THEREFORE, many people will tell you you can’t lie on your back to exercise, which is untrue. Being on your back for brief periods of time is fine. Like THE VAST MAJORITY of pregnancy-related things, your body will tell you when to get off your back. I have this from Qualified Medical Professionals.

Do you feel dizzy? Get off your back.

Do you feel fine? Keep on keepin’ on.

Every week, I go to the gym, and my people say “you still good on your back?” and I say “I think it’s okay this week, but probably next week will be the last week!” and then:

Months come and go, but instead of being depressed about Edward, you’re happily exercising on your back like a boss.

Now, this will end at some point, I have no doubt. But for now, these are the actual things I am not doing anymore, because of weird pressure or bad feelings:

1. Reverse twisting crunches on an incline bench (Actually my best move, damnit.)

2. Full sit-ups (I know, I know, people don’t even do them a lot anymore, but I LOVE FULL SIT-UPS and have a very flex-y spine.)

3. The Roman chair back extension stuff.

So, you know, not a ton of actual restrictions. But then…this is the other thing, at least for me, about the second trimester.

I AM LOSING STRENGTH. I HATE IT. I HATE LOSING STRENGTH.

I’m just…weaker. I can’t do the same weights. I can’t do full push-ups. Everything is eroding, little by little.

The world is changed. I feel it in the water. I feel it in the earth. I smell it in the air. Much that once was is lost, for none now live who remember it. – Galadriel

And it’s okay, it doesn’t really matter. But it does matter, to me, a little? It doesn’t NOT matter. And it’s strange to watch your body change. We don’t really talk about weight on this site, ever, which is a very deliberate choice of ours and we’re happy with it, but I had planned on gaining a bit less weight with this pregnancy because last time I put on more than the recommended amount (which is fine, it’s SO individual) and the hardware in my left leg (titanium rod, handful of screws just below the knee and just above the ankle) started to bug me and the scar tissue got weird and I developed a really impressive dragging limp for a couple of months.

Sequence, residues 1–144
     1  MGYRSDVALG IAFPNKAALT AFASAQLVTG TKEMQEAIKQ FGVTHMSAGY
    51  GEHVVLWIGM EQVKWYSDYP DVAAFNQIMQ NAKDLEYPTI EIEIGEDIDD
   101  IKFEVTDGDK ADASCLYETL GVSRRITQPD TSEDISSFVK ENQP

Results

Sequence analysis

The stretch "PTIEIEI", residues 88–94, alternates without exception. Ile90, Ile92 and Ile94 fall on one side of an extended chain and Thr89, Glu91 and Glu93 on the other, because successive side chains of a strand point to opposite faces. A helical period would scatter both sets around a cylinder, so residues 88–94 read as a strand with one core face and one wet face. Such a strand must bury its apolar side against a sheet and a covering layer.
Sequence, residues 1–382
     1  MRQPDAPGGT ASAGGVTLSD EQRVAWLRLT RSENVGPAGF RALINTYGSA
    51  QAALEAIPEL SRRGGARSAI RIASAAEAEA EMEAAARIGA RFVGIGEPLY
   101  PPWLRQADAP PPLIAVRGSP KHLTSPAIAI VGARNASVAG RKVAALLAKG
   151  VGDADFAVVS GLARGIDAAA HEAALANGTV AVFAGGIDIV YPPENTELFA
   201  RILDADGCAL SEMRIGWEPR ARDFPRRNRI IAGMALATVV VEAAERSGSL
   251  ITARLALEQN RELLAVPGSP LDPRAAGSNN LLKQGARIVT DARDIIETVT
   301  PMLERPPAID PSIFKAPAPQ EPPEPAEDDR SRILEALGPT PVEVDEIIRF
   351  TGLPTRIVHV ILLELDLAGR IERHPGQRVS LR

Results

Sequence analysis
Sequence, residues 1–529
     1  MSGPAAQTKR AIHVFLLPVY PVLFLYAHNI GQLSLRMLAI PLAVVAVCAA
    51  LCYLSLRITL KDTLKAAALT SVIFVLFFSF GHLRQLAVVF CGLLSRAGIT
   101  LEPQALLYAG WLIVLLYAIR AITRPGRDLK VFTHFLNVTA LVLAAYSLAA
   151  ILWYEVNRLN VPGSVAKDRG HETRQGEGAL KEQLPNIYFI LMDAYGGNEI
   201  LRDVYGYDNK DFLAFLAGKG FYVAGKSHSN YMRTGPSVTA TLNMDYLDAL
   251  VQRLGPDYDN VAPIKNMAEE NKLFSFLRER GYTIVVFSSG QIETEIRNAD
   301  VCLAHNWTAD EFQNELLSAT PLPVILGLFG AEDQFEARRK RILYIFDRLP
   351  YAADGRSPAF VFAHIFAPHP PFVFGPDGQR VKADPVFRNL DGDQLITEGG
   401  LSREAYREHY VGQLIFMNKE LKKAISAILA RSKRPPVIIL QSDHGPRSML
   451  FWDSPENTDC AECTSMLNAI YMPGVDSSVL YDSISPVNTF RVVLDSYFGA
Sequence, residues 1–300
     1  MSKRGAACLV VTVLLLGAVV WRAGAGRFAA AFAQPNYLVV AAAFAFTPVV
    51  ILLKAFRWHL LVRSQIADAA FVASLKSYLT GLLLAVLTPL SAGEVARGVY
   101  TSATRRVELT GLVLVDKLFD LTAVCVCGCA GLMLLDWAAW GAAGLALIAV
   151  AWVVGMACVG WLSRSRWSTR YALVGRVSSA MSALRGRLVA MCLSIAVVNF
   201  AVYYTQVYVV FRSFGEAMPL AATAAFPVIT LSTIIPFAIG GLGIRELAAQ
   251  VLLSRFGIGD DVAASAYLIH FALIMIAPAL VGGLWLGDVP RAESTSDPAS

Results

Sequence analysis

Which was not my favourite thing, obviously, so I was all “well, I will eat with greater awareness and I’m a very fit person now and will have a different experience and blah blah” but, in fact, I am having an identical experience, because this is just what my body does when there is a baby inside it. My mom gained the same amount of weight, to the pound, both times, and I think that’s me, too. I’m limping already.

All of which is to say that you’re working with what you have, we all are, and there will be days where that’s fantastic, and days where you’re just showing up. Being a fitter person is great. It is not a bulwark against the realities of change and a way to ward off age and the natural processes of the body.

Please enjoy your day.